Tost and Horner uneasy about possible F1 tire war


Scuderia Toro Rosso team principal Franz Tost believes that a possible tire war between multiple suppliers in Formula 1 would only do damage to the sport and benefit the very biggest works teams.

Following the F1 Strategy Group’s approval of widespread changes to the sport for the 2017 season, Michelin has expressed an interest in returning alongside current supplier Pirelli.

There has been just one tire supplier in F1 since 2007 following Michelin’s exit, with Pirelli picking up the contract in 2011 from Japanese company Bridgestone.

Although a tire war has been supported by some in the belief that competition will improve the quality of the compounds produced and make F1 more road-relevant, many have raised concerns about the costs involved for the suppliers and the teams.

However, Tost believes that it will also kill off a lot of competition in F1 as only the biggest teams would get the best quality of tires from a supplier.

“I just hope that no tire war will come, that means no other tyre manufacturer, because this means that two teams will get the good tires and the rest will just get crap,” Tost said.

“Because like it was before, when Michelin was in, it was Renault therefore [Fernando] Alonso has good memories and Bridgestone with Ferrari, therefore Michael [Schumacher] was so successful.

“If this comes back, it’s the same story: the two tire manufacturers, two teams which get good tires; three tire manufacturers three teams and the rest just get what the others don’t like.

“That means the complete competition would drive in a completely different direction. Then we would have, after now the power unit Formula 1, we would have the tyre Formula 1. Once the power units are stabilised, we open the next problem.”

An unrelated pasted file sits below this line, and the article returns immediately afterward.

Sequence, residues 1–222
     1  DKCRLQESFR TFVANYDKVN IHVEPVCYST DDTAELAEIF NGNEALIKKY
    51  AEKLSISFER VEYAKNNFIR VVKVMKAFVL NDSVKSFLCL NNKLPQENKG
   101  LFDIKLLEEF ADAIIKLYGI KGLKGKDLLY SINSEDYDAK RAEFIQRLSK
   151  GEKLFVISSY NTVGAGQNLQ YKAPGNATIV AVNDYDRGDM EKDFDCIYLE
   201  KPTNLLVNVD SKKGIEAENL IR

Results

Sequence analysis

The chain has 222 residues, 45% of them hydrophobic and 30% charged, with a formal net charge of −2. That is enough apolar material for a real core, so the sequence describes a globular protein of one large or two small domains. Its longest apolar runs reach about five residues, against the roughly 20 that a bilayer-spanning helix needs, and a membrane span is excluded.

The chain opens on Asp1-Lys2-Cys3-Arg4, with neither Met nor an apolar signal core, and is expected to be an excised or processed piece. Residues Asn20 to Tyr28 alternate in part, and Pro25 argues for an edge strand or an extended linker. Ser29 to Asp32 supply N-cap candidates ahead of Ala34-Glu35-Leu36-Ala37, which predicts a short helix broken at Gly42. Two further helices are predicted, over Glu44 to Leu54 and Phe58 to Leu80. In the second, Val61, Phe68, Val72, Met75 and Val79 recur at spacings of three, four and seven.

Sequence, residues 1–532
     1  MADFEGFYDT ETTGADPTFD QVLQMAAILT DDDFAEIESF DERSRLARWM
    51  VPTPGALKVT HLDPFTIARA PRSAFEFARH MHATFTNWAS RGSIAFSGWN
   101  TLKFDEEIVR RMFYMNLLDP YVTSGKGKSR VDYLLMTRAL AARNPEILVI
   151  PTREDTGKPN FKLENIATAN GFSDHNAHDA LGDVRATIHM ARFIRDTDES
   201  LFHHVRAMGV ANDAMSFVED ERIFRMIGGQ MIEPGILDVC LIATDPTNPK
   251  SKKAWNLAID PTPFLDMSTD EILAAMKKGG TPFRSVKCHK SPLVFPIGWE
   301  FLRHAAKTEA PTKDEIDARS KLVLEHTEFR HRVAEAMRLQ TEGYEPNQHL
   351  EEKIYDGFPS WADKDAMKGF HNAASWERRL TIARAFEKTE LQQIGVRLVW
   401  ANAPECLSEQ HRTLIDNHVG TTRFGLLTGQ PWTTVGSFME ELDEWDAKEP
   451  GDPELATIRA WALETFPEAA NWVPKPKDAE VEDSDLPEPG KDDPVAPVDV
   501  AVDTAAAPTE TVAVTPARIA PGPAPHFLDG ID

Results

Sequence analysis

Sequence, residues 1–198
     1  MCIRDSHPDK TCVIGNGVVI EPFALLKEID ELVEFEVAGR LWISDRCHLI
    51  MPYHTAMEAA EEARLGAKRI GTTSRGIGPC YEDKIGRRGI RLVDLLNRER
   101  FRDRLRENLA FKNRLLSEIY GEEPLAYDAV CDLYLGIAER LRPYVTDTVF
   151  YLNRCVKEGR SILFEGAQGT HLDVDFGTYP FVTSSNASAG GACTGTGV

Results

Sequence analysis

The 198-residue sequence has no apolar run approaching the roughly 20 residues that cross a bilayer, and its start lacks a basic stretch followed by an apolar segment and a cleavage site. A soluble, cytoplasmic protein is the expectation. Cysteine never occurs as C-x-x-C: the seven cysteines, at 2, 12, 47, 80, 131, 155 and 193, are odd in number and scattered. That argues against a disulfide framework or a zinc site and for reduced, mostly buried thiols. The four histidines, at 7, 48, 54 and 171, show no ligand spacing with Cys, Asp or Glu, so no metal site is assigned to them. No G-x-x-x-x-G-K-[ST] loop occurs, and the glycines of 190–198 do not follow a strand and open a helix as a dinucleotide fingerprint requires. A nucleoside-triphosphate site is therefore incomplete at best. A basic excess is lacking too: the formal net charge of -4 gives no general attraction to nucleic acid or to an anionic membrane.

His thoughts were echoed in Monaco by Red Bull team principal Christian Horner, who said that having just one supplier for all of the teams in F1 promoted equality and therefore competition.

“I think Franz summed it up splendidly, that one make tire is equality for all of the teams,” Horner said. “I think that in the times of tire wars then of course effort does have to go behind your leading charge and it will drive costs up immeasurably as you have to develop your car around a specific tire.

“I think it’s been one of the successes in having a sole tire and I think that that’s one of the reasons for example that Red Bull has been able to achieve the success that it’s been able to achieve as an independent team.

“We perhaps would never have been able to enjoy [success] in the event that there was open competition with tire manufacturers aligned to automotive manufacturers, which is of course is where their core income comes from.”

Vicki Golden and 805 Beer tell a unique story from an Inverted Perspective


Vicki Golden has earned a career worthy of a thousand stories and 805 Beer tells at least one of them, as “Inverted Perspective” premiered March 30 on the company’s website and YouTube channel.

Golden did more to break the glass ceiling in SuperMotocross than she ever thought possible. She knows this because riders have never felt the need to explain any of her accomplishments with the disclaimer, “for a girl”. 

At this point in Golden’s career, she’s been the first woman to finish top 10 in AMA Arenacross Lites, the first woman to qualify in the Fast 40 in Monster Energy AMA Supercross and the first woman to compete in freestyle Moto X competition, earning a bronze medal by doing so.

Her love for moto came from childhood while she watched her dad and brother ride. By seven she was on her bike and making waves throughout Southern California. 

Golden, 30, is still madly in love with the sport and has no plans on moving away but her career is already one to talk about. 805 Beer’s film series wanted to do exactly that.